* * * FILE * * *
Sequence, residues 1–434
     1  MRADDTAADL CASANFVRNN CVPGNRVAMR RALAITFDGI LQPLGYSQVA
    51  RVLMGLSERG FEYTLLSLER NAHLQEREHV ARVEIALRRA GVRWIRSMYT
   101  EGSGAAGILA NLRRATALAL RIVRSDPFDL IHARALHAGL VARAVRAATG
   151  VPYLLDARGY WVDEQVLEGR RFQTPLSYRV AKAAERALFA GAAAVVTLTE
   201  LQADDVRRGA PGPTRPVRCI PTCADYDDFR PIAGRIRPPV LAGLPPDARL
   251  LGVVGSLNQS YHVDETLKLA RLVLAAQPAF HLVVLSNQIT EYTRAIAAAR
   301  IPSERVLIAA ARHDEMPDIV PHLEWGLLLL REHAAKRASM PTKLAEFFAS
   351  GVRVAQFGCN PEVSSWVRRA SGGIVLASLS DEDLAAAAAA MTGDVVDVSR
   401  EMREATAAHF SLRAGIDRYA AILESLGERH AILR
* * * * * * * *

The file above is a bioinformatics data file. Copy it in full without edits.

Sequence, residues 1–434
     1  MRADDTAADL CASANFVRNN CVPGNRVAMR RALAITFDGI LQPLGYSQVA
    51  RVLMGLSERG FEYTLLSLER NAHLQEREHV ARVEIALRRA GVRWIRSMYT
   101  EGSGAAGILA NLRRATALAL RIVRSDPFDL IHARALHAGL VARAVRAATG
   151  VPYLLDARGY WVDEQVLEGR RFQTPLSYRV AKAAERALFA GAAAVVTLTE
   201  LQADDVRRGA PGPTRPVRCI PTCADYDDFR PIAGRIRPPV LAGLPPDARL
   251  LGVVGSLNQS YHVDETLKLA RLVLAAQPAF HLVVLSNQIT EYTRAIAAAR
   301  IPSERVLIAA ARHDEMPDIV PHLEWGLLLL REHAAKRASM PTKLAEFFAS
   351  GVRVAQFGCN PEVSSWVRRA SGGIVLASLS DEDLAAAAAA MTGDVVDVSR
   401  EMREATAAHF SLRAGIDRYA AILESLGERH AILR